Eating Disorders In The World of Sports

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The rise of the #metoo movement brought sexual abuse in the world of competitive sport squarely into focus. The bravery of prominent sportspeople such as Gabby Douglas speaking up about their experiences has led non professionals to share their horrifying experiences. It had been a day of reckoning for many sporting bodies and an opportunity to right historical wrongs and combat toxic cultures.

The conversations that #metoo started has led to the prevalence of eating disorders in the sporting world also being uncovered that the strictly regimented routines of high performance sports like gymnastics, swimming and running to name just a few have contributed to. 

Many athletes start training at a young age, often well before puberty. As bodies mature, they change and develop, pair this with coaches that value success and performance above all else and the perfect breeding ground for poor body image is created. For every coach that  provides responsible dietary information and a realistic expectation of weight gain and muscle growth there are others who do not handle the situation so sensitively. Athletes commonly tell of being told they are too big, too fat, too flabby. With pressures like this from adults they look up to is it any wonder that many young athletes develop eating disorders?

Anorexia and bulimia are the most common forms of eating disorders found in sport. Eating well below the recommended daily intake or eating and then purging are unfortunately seen by many as a way to prevent weight gain or lose weight quickly. Another often used technique is excessive exercising. For competitions where weight is measured, or if weigh-ins are a part of training, it is not unheard of for athletes to exercise to the extreme while wearing plastic bags over their normal work out clothes in an effort to ‘sweat off’ a few extra pounds.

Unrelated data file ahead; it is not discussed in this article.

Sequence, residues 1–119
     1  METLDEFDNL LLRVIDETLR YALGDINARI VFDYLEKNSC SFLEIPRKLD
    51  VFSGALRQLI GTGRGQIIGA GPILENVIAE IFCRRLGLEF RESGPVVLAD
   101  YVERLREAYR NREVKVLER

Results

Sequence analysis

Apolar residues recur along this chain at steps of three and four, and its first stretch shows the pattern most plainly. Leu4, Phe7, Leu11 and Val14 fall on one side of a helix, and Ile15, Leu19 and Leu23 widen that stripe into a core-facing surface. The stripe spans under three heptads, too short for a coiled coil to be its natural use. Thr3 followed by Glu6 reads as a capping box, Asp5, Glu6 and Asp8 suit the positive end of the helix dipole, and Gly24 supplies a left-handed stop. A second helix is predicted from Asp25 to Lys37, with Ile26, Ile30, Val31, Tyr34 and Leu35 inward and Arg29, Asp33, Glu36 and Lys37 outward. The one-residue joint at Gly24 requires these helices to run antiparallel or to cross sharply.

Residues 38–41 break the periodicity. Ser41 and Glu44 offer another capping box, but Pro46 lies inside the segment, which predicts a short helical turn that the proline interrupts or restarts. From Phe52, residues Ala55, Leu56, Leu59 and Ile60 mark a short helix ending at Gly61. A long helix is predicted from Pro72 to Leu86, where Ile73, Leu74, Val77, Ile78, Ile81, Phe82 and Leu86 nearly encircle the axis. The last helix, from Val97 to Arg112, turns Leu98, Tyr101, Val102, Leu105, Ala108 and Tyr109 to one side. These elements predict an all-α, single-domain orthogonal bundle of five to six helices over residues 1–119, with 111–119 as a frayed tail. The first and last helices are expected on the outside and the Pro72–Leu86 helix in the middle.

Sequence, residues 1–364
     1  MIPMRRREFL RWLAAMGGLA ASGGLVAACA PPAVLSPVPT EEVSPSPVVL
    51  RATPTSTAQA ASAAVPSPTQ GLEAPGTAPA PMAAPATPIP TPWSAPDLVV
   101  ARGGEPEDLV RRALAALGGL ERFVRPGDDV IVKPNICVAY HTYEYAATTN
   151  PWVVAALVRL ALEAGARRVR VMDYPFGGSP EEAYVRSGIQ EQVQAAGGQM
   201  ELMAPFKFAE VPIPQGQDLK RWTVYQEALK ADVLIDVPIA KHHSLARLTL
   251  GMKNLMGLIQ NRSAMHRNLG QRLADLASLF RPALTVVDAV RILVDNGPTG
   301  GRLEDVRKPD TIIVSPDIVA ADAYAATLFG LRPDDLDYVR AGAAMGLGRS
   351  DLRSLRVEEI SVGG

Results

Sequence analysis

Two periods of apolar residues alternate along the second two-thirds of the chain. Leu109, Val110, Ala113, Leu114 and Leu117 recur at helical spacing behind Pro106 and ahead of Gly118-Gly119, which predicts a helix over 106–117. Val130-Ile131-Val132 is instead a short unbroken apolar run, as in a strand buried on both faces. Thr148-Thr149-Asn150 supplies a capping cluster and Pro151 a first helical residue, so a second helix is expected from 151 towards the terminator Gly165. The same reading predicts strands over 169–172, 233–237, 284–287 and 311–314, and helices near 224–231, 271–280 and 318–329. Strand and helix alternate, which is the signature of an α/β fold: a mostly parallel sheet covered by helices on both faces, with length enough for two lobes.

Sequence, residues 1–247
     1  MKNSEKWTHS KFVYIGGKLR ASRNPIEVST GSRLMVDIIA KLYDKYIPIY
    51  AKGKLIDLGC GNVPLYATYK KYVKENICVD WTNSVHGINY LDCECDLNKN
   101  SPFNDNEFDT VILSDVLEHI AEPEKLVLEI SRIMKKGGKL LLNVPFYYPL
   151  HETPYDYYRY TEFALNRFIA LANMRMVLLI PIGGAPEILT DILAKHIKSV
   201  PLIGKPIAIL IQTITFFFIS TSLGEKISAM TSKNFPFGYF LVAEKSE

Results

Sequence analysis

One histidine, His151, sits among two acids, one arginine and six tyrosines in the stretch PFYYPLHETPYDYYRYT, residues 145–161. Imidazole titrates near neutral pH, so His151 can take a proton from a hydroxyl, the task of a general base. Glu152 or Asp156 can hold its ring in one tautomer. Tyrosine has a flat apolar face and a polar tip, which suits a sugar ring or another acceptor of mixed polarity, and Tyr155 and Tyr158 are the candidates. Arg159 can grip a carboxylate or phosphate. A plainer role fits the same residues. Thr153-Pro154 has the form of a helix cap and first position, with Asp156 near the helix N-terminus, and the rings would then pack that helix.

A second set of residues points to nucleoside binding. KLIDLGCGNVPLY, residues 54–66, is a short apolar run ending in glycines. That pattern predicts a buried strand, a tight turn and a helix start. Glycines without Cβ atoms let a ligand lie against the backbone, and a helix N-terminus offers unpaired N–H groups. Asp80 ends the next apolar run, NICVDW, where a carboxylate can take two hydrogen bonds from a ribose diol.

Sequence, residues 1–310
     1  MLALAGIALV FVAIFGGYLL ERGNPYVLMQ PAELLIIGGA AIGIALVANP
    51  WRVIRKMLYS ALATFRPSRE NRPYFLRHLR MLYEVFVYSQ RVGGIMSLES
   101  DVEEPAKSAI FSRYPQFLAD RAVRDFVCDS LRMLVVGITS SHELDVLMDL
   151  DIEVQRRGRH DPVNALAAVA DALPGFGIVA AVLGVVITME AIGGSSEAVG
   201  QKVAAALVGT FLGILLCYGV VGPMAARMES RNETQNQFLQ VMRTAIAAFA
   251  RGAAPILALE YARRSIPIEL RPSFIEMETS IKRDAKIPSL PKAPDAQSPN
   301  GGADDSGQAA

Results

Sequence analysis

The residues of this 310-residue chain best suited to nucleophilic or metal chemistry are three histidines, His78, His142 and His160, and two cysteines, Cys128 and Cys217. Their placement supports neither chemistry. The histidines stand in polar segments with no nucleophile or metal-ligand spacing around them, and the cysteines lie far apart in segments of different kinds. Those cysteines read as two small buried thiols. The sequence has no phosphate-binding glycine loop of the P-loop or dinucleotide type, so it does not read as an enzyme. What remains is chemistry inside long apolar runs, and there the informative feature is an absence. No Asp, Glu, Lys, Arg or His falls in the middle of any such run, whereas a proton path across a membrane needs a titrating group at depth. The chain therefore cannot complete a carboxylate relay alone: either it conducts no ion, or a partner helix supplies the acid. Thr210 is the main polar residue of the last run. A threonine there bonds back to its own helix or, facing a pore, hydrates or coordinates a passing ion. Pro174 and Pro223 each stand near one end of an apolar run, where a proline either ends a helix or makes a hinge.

What can parents of talented young sportspersons do to spot early warning signs of eating disorders? A great resource for parents can be found here Newbridge has years of experience in helping people of all ages, and especially young people, tackle and overcome eating disorders. Resources include a guide for parents that explains the signs to look for if you are concerned that your child is developing issues with food and their body. Also available are step by step guides that show what treatment for different eating disorders can look like. These resources are ideal for demystifying eating disorders and how to overcome them.

Parents that believe their child may be at risk of developing poor body image due to the demands of their sport should consider speaking to their child's coach as quickly as possible. If a coach is receptive to, or shares your concerns, they will be able to let you know how they typically handle issues like this as well as being another pair of eyes to look for any early warning signs. If a coach is not receptive to your concerns, it may be a sign that your fears are well founded. Next steps could include speaking to other parents or ex students. You may even want to reach out to the sports governing body to find a different coach that is more aware of the complexities surrounding these issues.

Hopefully your child is in safe hands and can enjoy, and excel, at their chosen sport with no serious repercussions and this article has given you tools to help deal with any concerns you may have.  

Eating Disorders In The World of Sports